If you are a prospective arts major you will need to consider the type of degree you wish to pursue. There are two options: 1) a Bachelor of Arts (BA) degree with a major in the arts, and 2) a Bachelor of Fine Arts (BFA) for artists/performers or a Bachelor of Music (BM) for musicians. The BA degree is a typical liberal arts degree. For example, students who major in English or other humanities also earn a BA degree. A BA degree in arts will allow you to take more courses outside your major. The BFA or BM is more focused or intense, in essence it is more of a “professional” degree, so there are more course requirements and performances in your major. The degree you choose will depend on your college and career goals.
The other thing to consider is what type of college is right for you. Conservatories and stand-alone arts schools offer an immersion-type experience for students earning BFA or BM degrees. All students at these schools will be artists, and the atmosphere is highly competitive. Other colleges and universities, large or small, will have a variety of majors to choose from and yet have strong visual, performing arts, music or film programs can offer all the benefits and lifestyle choices of a traditional university, e.g. football games, Greek life, dorms and a wide variety of academic courses. And finally, there is the conservatory within a university model which gives students both the intensity of the conservatory experience and that sense of “college life.” Some students have trouble balancing their general education requirements with the considerable conservatory commitment, but it depends on the school and the individual.
Your application process will also include an audition or portfolio review. Often, this will be the most important part of the application process.
For entry into music, theater, or dance programs, colleges may initially ask you to submit a “pre-screen” recording. Often it can be submitted online. Note, not all colleges require a pre-screen. If after reviewing your initial application materials, including said possible pre-screen, the college wants to evaluate you further, the next step is a live audition. This audition can be held on the college campus, or sometimes colleges will hold joint auditions in a series of major US cities as a convenience and cost-saving measure to you. National Unified Auditions coordinates auditions for undergraduate B.F.A. programs in theater.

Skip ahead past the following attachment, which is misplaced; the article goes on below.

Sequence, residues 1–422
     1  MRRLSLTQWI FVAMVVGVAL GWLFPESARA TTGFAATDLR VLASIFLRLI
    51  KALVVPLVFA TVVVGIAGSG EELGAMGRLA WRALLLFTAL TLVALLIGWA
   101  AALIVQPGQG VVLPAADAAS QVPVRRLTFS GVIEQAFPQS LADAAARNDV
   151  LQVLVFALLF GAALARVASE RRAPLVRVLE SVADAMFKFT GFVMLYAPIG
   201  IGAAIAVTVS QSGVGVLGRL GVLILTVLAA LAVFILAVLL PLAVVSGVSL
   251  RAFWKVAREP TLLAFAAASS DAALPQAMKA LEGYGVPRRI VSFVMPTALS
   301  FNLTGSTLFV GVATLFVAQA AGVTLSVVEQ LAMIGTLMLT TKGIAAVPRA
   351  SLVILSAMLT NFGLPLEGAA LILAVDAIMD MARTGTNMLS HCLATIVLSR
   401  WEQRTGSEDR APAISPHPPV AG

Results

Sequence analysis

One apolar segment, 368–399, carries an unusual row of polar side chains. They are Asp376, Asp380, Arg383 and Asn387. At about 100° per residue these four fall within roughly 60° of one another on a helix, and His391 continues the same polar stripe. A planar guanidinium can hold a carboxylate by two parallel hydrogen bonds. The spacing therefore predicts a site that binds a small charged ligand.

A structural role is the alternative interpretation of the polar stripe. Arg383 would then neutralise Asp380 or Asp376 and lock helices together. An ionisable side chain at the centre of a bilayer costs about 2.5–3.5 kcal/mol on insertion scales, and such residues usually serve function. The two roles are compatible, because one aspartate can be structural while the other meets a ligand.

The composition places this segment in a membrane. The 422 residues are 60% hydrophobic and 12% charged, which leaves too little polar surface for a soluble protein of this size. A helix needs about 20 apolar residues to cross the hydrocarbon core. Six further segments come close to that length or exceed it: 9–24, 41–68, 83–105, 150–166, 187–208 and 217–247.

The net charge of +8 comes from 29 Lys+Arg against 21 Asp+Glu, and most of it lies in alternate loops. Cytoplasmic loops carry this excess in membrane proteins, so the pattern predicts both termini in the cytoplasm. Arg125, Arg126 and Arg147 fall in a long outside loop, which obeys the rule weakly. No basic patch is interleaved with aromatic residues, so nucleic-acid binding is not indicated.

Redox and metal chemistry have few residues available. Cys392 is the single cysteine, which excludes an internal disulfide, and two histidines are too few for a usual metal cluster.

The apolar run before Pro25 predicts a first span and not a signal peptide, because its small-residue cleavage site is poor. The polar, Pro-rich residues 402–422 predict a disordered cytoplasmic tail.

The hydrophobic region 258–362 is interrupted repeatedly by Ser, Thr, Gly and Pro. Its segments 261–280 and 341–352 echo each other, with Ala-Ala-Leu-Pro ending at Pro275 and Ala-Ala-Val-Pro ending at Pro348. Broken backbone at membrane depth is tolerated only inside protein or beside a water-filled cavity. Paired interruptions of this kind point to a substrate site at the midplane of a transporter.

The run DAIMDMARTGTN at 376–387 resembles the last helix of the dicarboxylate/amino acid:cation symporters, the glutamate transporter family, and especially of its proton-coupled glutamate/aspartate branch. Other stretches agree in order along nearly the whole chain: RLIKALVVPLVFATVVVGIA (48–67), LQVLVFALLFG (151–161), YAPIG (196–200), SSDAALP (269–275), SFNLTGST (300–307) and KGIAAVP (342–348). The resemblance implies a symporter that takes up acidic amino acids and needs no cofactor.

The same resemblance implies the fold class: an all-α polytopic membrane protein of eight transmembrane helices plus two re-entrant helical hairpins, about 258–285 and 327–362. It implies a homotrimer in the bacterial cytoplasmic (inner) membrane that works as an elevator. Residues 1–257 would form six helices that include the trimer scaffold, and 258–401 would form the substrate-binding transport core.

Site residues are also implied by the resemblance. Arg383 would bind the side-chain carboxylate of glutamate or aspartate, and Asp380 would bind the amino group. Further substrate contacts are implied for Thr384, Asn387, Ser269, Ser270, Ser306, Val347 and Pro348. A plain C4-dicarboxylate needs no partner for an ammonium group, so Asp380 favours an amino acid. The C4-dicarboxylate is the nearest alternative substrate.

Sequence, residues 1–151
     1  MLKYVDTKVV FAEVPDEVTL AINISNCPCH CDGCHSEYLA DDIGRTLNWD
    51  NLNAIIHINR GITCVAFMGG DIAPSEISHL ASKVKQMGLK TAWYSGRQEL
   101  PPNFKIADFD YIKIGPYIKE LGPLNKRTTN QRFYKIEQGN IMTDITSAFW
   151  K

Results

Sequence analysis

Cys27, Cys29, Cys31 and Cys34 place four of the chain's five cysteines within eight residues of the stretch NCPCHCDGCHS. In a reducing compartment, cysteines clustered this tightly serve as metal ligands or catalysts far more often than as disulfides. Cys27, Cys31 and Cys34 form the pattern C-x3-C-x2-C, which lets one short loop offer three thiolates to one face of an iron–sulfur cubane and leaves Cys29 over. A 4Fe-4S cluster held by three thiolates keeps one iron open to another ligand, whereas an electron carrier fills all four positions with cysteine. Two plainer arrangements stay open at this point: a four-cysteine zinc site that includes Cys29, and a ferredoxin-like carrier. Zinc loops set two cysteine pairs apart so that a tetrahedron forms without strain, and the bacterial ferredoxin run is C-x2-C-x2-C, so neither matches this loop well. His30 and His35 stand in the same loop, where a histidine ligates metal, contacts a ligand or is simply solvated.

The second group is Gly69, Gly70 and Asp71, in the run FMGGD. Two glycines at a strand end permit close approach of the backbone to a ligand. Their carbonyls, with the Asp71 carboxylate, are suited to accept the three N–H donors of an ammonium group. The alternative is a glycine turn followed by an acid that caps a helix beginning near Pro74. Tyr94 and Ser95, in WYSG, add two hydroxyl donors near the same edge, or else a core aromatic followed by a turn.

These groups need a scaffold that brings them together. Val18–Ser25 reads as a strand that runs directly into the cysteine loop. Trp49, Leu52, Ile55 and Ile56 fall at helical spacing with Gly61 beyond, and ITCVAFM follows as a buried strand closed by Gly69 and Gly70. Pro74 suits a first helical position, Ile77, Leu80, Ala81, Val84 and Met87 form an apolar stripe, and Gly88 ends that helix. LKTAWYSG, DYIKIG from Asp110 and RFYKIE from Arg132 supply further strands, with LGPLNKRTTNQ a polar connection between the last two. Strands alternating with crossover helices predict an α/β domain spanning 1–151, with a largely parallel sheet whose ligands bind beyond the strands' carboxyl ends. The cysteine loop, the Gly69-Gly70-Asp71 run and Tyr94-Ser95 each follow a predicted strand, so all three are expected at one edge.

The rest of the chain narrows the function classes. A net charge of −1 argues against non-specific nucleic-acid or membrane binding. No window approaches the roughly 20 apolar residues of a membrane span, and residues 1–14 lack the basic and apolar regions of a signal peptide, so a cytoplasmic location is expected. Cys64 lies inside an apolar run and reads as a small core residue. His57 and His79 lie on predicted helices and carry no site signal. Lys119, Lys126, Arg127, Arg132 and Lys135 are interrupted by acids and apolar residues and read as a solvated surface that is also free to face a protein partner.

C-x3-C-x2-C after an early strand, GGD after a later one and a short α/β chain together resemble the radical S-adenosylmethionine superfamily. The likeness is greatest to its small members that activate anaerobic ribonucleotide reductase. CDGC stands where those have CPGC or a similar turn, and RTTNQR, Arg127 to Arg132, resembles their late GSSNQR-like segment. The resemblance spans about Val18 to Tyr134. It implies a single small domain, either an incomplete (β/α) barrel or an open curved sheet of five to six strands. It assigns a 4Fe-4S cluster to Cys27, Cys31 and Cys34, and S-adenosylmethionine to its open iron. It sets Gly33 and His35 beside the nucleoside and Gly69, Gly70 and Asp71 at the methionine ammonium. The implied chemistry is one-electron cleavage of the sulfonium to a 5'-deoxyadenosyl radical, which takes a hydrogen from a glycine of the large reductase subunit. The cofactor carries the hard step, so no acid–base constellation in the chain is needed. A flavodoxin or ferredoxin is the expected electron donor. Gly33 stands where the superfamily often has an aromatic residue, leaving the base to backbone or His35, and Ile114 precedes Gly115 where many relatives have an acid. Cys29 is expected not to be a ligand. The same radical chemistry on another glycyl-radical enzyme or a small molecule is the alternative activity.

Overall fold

For art students, a portfolio review will be part of the application process. Again, options may include online submission and/or an in-person review. Each school will have its own distinct requirements on what types of media they wish to see and how many pieces to include. Fairview classes Portfolio Art and IB Art provide the opportunity to build that portfolio.
National Portfolio Day is an opportunity for artists to meet with representatives from an association of colleges accredited by the National Association of Schools of Art and Design all on the same day. Representatives will be available to review the student’s artwork, discuss their programs and answer questions about professional careers in art.
The National Association for College Admission Counseling also hosts joint college fairs for visual and performing artists across the country.
For film students, a creative submission is required. The options will vary by school, but can include a film or video/live action; a portfolio of drawings, paintings, sculpture or set design; a sequence of still images which shows a story; or a creative writing sample consisting of a short story, film script or stage play.
Design majors such as industrial design, architecture, interior design, and fashion design are not always classified under visual and performing arts, but they can also require a review of your creative work as part of the application process. It may depend on whether the program leads to a BA/BS or BFA degree. Keep in mind, the primary source of information for the audition or portfolio process at your targeted school should be the school’s website. The website will include all the pertinent information, including audition/portfolio requirements, the process, timeline, dates, and a list of any other required supplemental materials—a visual or performing arts personal statement, and a creative portfolio list (written record of an applicant’s creative works) or performance resume is often requested. If anything is unclear, contact the school directly for clarification.
Your art and music teachers can be an invaluable help to you so it is very important to keep them apprised of your goals and explain procedures you need to complete that involve their assistance. They may write letters of recommendation for you, help you identify programs best suited to you, give you honest critiques, help you select works to submit, and in general act as mentors during the process.
If an important piece of your college experience is to continue to sing in a choir or play your instrument in a musical ensemble, perform in plays or musicals, dance, make art or film, but not as a major, investigate the following…Does the music department offer performance ensembles; do they require auditions; are they open to all majors? Is there art and film studio space available for non-majors? Can non-majors register for visual and performing art classes? Does the school offer visual and performing arts minors? Can non-majors audition for college theater and dance productions, or are auditions restricted to performing arts majors? Do student clubs exist in your areas of interest? With careful research, you can find a place that will still allow you to express yourself creatively.